Black History Month is observed annually during the month of February.

According to Association for the Study of African American Life and History, each annual commemoration has a theme. This year’s theme is Black Resistance.

“African Americans have resisted historic and ongoing oppression, in all forms, especially the racial terrorism of lynching, racial pogroms, and police killings since our arrival upon these shores,” the association’s website states. “These efforts have been to advocate for a dignified self-determined life in a just democratic society in the United States and beyond the United States political jurisdiction.”

The association called for everyone, inside and outside the academy, to study Black American history.

History of Black History Month

In 1915, Dr. Carter G. Woodson founded an organization now known as the Association for the Study of African American Life and History, per Library of Congress.

“Through this organization, Dr. Woodson initiated the first Negro History Week in February 1926,” the library’s website states.

This week included the birthdays of both Frederick Douglass and Abraham Lincoln — he chose it to commemorate both of these figures.

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Woodson’s parents were former enslaved persons and Woodson worked from a young age to support his family. He was the second Black American, after W.E.B. Du Bois, who earned a doctorate from Harvard University. According to the NAACP, Woodson saw that the historical profession didn’t have an interest in Black history and that contributions by African Americans were suppressed. Then, Woodson started a scholarly journal now known as the Journal of African American History.

He became a prominent scholar who “fervently believed that Black people should be proud of their heritage and all Americans should understand the largely overlooked achievements of Black Americans,” per NAACP.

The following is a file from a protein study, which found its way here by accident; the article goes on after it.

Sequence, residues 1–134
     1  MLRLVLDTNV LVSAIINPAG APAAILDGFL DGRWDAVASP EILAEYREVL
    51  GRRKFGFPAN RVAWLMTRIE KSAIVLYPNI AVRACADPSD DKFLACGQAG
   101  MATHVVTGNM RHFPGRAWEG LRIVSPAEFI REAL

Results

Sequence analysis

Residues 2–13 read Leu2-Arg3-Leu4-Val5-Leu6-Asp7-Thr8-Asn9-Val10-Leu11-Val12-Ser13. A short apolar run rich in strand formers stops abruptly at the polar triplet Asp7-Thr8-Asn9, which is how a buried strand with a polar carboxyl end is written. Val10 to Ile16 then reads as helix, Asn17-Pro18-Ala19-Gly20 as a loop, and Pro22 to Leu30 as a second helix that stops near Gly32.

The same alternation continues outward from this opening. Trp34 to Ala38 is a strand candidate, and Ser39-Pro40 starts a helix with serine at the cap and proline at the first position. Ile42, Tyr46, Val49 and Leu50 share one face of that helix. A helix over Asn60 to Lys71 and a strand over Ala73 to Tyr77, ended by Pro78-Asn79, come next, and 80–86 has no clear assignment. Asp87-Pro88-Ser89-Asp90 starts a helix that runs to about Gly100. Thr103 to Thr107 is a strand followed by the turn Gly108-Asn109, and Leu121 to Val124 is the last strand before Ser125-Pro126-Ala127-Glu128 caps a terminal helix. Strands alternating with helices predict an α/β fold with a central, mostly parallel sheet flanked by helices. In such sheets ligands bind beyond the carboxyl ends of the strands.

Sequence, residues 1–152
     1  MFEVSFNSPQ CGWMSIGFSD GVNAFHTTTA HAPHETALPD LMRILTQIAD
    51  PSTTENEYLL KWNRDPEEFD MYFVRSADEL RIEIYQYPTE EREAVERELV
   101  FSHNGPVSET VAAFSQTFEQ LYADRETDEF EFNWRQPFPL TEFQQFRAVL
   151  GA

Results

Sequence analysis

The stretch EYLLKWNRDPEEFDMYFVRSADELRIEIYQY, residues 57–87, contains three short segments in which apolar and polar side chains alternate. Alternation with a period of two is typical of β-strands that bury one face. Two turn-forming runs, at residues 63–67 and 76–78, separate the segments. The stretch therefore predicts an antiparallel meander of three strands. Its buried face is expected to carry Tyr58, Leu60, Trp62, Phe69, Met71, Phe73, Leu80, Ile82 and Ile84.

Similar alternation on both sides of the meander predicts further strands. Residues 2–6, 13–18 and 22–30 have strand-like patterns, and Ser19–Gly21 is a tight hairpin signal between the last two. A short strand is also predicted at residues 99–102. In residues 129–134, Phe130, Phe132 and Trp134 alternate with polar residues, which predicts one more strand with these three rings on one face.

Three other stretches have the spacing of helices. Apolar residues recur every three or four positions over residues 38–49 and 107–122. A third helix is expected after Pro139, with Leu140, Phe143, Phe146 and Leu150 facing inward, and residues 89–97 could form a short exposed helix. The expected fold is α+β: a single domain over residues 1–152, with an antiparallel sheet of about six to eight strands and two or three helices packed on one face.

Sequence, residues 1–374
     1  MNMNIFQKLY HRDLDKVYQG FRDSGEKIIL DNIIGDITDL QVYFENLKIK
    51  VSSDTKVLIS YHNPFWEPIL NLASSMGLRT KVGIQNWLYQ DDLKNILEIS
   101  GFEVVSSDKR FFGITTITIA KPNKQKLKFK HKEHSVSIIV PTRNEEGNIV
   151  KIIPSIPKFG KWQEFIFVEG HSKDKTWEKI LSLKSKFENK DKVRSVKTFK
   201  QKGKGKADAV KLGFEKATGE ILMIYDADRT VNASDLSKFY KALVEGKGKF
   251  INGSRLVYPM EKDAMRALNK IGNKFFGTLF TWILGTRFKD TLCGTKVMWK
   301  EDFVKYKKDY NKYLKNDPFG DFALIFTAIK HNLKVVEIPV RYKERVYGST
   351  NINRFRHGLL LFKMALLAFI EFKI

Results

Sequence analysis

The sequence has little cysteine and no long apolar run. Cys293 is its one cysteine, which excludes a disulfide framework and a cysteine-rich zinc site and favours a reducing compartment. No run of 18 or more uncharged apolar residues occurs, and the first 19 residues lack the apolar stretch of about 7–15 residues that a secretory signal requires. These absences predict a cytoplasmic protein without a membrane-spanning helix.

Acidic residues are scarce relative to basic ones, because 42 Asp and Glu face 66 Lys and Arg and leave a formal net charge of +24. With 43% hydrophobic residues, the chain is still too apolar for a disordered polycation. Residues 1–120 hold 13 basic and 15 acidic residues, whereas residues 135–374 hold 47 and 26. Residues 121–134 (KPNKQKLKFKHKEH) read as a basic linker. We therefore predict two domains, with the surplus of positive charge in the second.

The week that Woodson established was celebrated for several decades as Black Americans faced discrimination and disenfranchisement via Jim Crow laws. According to NPR, the civil rights movement led to increased awareness of Black history. Public schools began incorporating it into their curriculums. As Marcus Hunter, a sociology professor at the University of California, Los Angeles, said, Black publications began drawing more awareness to Black History Month.

“The Chicago Defender, the Philadelphia Tribune, the Baltimore Afro-American ... they all started to say that this is something we’re celebrating,” Hunter told NPR.

Eventually, the country recognized Black History Month. Former President Gerald Ford said in 1975 that whole country needed to “recognize the important contribution made to our nation’s life and culture by black citizens.” A year later, per NPR, Ford officially declared February Black History Month and said that the public should, “seize the opportunity to honor the too-often neglected accomplishments of Black Americans in every area of endeavor throughout our history.”

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On Tuesday, President Joe Biden’s White House administration issued a proclamation on Black History Month. The statement said, “During National Black History Month, we honor and continue the work of Black Americans who have created a more fair and inclusive democracy, helping our Nation move closer to the realization of its full promise for everyone.”

For those who want to learn more about Black American history, the Black History Month website includes several resources from various databases.